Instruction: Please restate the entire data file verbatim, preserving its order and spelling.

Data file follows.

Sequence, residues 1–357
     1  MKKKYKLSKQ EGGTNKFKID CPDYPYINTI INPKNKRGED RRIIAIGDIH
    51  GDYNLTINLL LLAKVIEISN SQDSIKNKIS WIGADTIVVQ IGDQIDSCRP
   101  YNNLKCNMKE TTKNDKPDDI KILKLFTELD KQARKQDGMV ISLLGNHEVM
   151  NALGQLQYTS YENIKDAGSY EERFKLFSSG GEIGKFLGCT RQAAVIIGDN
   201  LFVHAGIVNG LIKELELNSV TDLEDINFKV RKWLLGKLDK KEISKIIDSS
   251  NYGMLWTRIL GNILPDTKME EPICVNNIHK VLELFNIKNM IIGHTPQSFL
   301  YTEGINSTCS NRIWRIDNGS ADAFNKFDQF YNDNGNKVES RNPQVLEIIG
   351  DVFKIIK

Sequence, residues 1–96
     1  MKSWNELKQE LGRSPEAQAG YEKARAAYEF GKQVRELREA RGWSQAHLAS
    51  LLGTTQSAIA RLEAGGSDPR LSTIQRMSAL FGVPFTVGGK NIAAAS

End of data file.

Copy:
Sequence, residues 1–357
     1  MKKKYKLSKQ EGGTNKFKID CPDYPYINTI INPKNKRGED RRIIAIGDIH
    51  GDYNLTINLL LLAKVIEISN SQDSIKNKIS WIGADTIVVQ IGDQIDSCRP
   101  YNNLKCNMKE TTKNDKPDDI KILKLFTELD KQARKQDGMV ISLLGNHEVM
   151  NALGQLQYTS YENIKDAGSY EERFKLFSSG GEIGKFLGCT RQAAVIIGDN
   201  LFVHAGIVNG LIKELELNSV TDLEDINFKV RKWLLGKLDK KEISKIIDSS
   251  NYGMLWTRIL GNILPDTKME EPICVNNIHK VLELFNIKNM IIGHTPQSFL
   301  YTEGINSTCS NRIWRIDNGS ADAFNKFDQF YNDNGNKVES RNPQVLEIIG
   351  DVFKIIK

Sequence, residues 1–96
     1  MKSWNELKQE LGRSPEAQAG YEKARAAYEF GKQVRELREA RGWSQAHLAS
    51  LLGTTQSAIA RLEAGGSDPR LSTIQRMSAL FGVPFTVGGK NIAAAS